Teen offenders are 'young persons' not 'youths'... it might upset them, say ministers

08:10 by Editor · 0 Post a comment on AAWR

It is not a word usually associated with causing offence, even when those referred to have broken the law.

But 'youth' has been banned from guidelines on the treatment of criminals aged 16 and 17 - because ministers think it is too demeaning.

Instead, offenders must be referred to as 'young persons' in the latest code for prosecutors. The newly fashionable phrase is used 101 times in the document.

The change of wording was mocked yesterday by the Tories, who described it as the 'bizarre' invention of a new taboo.

Shadow Justice Secretary Dominic Grieve added: 'Yet again, ministers have shown that they are more bothered about pandering to political correctness than coming down hard on the crime and antisocial behaviour that blights communities.'

The code for prosecutors on issuing Youth Conditional Cautions to 16- and 17-year- olds has been rewritten following a consultation over an early draft.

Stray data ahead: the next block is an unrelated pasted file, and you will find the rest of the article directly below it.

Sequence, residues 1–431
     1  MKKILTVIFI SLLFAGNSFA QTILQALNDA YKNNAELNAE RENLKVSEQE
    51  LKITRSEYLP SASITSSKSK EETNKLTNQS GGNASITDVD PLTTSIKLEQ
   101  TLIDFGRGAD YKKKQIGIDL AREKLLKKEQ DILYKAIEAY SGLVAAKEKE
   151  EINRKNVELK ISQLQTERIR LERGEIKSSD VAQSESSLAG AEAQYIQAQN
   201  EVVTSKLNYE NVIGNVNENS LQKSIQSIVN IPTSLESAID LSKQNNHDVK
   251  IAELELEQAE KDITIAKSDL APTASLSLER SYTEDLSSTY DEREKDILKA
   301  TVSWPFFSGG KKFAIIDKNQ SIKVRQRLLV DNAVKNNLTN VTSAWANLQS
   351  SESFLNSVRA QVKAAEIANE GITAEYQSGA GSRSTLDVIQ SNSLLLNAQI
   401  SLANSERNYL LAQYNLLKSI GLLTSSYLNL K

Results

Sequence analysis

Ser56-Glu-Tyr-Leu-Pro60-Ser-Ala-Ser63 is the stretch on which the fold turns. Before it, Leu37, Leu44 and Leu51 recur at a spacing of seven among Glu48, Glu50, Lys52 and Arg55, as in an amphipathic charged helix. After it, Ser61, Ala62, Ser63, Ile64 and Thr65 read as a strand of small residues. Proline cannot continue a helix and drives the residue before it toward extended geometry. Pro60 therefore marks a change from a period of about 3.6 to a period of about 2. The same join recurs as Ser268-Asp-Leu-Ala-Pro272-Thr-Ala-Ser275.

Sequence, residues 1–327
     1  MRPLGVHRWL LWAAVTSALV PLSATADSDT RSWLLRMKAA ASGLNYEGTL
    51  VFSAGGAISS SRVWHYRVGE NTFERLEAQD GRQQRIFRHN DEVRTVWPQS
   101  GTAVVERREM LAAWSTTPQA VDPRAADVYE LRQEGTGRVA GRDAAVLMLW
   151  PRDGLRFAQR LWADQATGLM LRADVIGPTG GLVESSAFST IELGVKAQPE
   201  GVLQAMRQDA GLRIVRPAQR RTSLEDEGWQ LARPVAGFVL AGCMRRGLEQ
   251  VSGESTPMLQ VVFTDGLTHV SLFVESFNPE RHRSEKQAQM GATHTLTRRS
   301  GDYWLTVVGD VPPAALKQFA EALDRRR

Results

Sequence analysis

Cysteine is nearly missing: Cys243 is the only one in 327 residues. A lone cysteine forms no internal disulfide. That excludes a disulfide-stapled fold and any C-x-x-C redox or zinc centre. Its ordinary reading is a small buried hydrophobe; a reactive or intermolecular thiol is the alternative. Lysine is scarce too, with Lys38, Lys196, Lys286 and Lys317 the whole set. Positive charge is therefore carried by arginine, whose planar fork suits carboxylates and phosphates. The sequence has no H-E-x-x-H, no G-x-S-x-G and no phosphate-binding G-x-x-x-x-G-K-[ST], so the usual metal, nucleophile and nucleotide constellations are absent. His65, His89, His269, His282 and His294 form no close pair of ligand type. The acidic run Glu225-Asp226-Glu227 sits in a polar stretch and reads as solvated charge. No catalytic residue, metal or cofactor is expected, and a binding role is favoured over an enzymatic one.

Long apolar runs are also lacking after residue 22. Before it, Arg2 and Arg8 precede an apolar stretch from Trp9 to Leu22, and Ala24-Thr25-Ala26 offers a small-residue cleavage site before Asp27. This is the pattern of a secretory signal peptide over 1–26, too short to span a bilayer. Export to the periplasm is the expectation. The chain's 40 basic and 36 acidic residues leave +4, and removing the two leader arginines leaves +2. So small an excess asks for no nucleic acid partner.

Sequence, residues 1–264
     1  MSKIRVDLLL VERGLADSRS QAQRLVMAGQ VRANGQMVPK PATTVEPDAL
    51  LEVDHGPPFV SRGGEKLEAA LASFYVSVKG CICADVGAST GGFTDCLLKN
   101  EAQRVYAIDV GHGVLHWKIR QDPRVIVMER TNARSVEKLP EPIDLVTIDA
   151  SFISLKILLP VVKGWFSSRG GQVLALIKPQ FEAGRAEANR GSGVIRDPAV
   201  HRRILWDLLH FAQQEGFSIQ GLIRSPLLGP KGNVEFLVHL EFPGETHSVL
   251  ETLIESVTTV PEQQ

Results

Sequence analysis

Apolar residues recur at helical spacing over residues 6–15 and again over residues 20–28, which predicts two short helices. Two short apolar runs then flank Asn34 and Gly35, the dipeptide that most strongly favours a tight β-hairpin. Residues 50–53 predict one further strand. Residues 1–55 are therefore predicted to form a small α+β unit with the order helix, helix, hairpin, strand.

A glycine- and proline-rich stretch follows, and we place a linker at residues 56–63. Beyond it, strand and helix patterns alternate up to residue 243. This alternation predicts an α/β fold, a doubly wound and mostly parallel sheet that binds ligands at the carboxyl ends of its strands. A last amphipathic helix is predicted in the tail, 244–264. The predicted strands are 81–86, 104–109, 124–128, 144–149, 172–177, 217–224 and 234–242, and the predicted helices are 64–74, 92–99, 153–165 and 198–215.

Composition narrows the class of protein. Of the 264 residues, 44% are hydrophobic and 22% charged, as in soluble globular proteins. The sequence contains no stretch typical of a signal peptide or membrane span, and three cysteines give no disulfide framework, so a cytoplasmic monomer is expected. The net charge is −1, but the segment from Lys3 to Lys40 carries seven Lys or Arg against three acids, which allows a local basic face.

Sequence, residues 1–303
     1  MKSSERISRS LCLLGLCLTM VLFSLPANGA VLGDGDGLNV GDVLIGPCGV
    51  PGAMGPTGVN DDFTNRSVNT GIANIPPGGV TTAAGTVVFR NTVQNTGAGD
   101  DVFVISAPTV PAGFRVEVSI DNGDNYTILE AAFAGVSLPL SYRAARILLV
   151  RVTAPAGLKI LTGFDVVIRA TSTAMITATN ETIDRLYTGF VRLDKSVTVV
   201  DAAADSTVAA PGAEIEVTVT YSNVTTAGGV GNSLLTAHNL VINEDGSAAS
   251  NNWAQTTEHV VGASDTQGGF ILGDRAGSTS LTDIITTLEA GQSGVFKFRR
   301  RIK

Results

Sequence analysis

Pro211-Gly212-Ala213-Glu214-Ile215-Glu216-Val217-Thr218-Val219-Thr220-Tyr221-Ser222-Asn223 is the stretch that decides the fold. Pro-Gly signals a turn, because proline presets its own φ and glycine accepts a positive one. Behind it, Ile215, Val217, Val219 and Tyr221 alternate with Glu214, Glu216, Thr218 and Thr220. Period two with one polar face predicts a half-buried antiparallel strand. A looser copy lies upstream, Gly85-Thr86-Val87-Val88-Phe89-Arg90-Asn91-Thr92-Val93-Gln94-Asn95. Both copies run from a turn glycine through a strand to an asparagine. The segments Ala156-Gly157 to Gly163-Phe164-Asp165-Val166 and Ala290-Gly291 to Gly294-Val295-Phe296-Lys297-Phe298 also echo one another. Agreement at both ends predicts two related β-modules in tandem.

Officials at Jack Straw's Ministry of Justice and Ed Balls's Department of Children, Schools and Families said: 'A number of responses suggested the term "youth" had negative connotations and should be replaced by "young persons".'

Disapproval of language considered to give the wrong impression has been a hallmark of Labour's years in power.

Its Youth Justice Board has tried to prevent 'gang' in case it criminalises youngsters who gather together. It prefers crime committed by such gatherings to be described as 'group-related'.

Similarly, Scotland Yard refers to 'group rape' or 'multi-perpetrator rape' to avoid 'emotive' language.

Even prison officers have been told to observe correct priorities by addressing inmates as 'Mr'.

However, 'youth' appears likely to cling on for some time in government lingo. continues here

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